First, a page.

Hernia is a very common occurring health issue. The condition occurs when an organ or tissue pushes through a weakened or opened spot in a muscle or connective tissue in the abdominal region. The hernia causes a bulge in the groin, a sharp burning sensation and discomfort as the organ protrudes through the muscle wall.
The presence of an opening or a weakening spot can commonly occur in patients and does not necessarily need immediate medical attention. Over time, the organs begin to actively push through the weakening calling for medical intervention. In severe cases of hernia, the intestine could get engulfed in the hernia. Such cases need immediate surgery.
Hernias are of different types and so are their surgical procedures and treatment methods that have developed in recent times. The use of prosthetic mesh for hernia repair is one of them. These prosthetic meshes have been used for over 50 years in the medical field. It was believed to be the most reliable approach for the repair.
However, with the advent of modern medicine, the safety of prosthetic meshes is being questioned and rethought
Is prosthetic mesh safe?
Although the prosthetic mesh has been a gold standard for hernia repair, it is found to be associated with certain complications.
Mesh used for repair are sterile, woven material made from a synthetic plastic-like material, such as polypropylene. Though a sterile entity, it still is a foreign material that is introduced into the body. So there are possibilities of causing infection if the mesh is exposed to contamination. There are also chances of the mesh causing obstruction for bowel movements and scarring adjacent tissues. There are instances of the formation of adhesions. However, the adhesions occur in all patients who have undergone surgery in the abdomen. Hence mesh cannot be regarded as the sole cause for adhesion.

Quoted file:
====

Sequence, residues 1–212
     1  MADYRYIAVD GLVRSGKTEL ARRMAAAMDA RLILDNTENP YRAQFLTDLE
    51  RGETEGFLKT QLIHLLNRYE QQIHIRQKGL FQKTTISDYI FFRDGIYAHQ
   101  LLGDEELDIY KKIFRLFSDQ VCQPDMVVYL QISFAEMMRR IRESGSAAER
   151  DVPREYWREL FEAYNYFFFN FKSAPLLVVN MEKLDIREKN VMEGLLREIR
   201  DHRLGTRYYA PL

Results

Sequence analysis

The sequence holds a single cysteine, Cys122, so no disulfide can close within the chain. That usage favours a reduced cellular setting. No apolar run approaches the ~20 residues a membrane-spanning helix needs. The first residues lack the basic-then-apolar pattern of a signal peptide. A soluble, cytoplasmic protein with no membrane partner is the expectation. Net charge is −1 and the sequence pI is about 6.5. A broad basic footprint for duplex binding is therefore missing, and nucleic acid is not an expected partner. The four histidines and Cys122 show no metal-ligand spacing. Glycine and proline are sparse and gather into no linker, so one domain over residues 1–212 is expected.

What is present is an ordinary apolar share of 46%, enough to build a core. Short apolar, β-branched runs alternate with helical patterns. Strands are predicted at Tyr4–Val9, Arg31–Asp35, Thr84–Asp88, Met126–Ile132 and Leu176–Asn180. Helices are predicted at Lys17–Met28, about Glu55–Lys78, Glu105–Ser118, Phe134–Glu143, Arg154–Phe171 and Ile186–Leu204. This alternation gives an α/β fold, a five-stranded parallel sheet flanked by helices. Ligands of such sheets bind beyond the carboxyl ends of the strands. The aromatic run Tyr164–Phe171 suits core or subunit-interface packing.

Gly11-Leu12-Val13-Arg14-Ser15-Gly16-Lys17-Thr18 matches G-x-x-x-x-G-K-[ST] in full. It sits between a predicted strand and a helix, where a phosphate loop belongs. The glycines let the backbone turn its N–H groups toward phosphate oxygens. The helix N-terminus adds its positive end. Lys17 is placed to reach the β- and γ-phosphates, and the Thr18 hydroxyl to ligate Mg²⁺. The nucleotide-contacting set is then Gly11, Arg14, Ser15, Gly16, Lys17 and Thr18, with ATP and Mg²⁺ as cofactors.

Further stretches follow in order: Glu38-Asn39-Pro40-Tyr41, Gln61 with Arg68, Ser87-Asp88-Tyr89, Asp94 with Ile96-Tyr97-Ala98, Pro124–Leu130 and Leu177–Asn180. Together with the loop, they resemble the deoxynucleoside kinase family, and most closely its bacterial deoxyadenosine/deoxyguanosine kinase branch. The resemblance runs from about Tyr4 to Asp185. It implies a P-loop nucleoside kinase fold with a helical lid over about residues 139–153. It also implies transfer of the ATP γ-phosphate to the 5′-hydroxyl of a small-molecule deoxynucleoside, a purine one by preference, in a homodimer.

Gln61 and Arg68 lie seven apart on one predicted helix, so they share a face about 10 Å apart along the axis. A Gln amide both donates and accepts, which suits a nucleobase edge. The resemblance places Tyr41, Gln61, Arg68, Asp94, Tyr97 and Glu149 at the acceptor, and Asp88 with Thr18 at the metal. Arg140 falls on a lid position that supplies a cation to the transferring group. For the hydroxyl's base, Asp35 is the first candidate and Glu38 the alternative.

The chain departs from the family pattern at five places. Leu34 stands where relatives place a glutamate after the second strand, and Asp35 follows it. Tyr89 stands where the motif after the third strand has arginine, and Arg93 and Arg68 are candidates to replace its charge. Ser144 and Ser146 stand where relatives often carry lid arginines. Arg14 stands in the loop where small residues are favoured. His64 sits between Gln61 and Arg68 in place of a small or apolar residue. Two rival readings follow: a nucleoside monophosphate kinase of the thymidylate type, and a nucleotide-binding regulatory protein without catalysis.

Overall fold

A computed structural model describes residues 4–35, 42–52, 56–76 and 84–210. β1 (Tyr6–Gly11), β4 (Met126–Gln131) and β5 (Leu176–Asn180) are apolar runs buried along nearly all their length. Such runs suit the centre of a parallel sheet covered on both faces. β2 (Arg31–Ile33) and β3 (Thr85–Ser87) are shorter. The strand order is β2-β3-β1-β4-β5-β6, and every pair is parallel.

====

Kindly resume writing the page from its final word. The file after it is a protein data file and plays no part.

Regardless, as medical practitioners, the pros and cons of surgical procedures are precisely gauged.
Benefits from using prosthetic mesh
Before the applications of prosthetic mesh, many years ago, the hernia repair was done by performing a simple suture and then closing the hernia. But for certain kinds of hernia, the success rate of this approach was low with the hernia recurring at a later stage.
But the use of mesh revolutionized the repair of the hernia. The major benefit of the application of mesh is avoiding the recurrence of the hernia. The prosthetic meshes are plugged and patched in the weakened area to thereby strengthen the opening.
Complications from using prosthetic mesh
Majority of the reliable sources of scientific pieces of literature and peer-reviewed articles have suggested that the major complication from a surgical hernia repair, be it with mesh or without, are burning pain, infection, tissue scarring, adhesions of tissues, vessels or organs, obstruction of large or small intestines, bulging at the area of surgery due to fluid build-up, occurrence of perforation in adjacent tissues or organs.
Apart from the above listed adverse occurrence following a surgical hernia repair, the complications that are specific to hernia repair using a prosthetic mesh are the displacement of the mesh (mesh migration) and the shrinking of the mesh (mesh contraction).
The numerous cases of hernia repair complications that have been reported to the FDA are found to be affiliated to the recalled mesh products and not from the approach itself. These recalled mesh products are no longer being used in the surgeries as per the directions of the FDA. Some of the common complications include infection, obstruction, severe pain and recurrence. It has been reported that the main cause for the bowel perforations and obstruction are the recalled mesh products.
Are hernia treated without the application of a prosthetic mesh?
The application of the prosthetic mesh is relative to the type of hernia that needs to be repaired. While the mesh is not always necessary, it is often recommended. Groin hernia has been treated successfully without the use of mesh. Mild cases of hernia near the navel have been treated by simply suturing the hernia laparoscopically with promising success rate and no recurrence.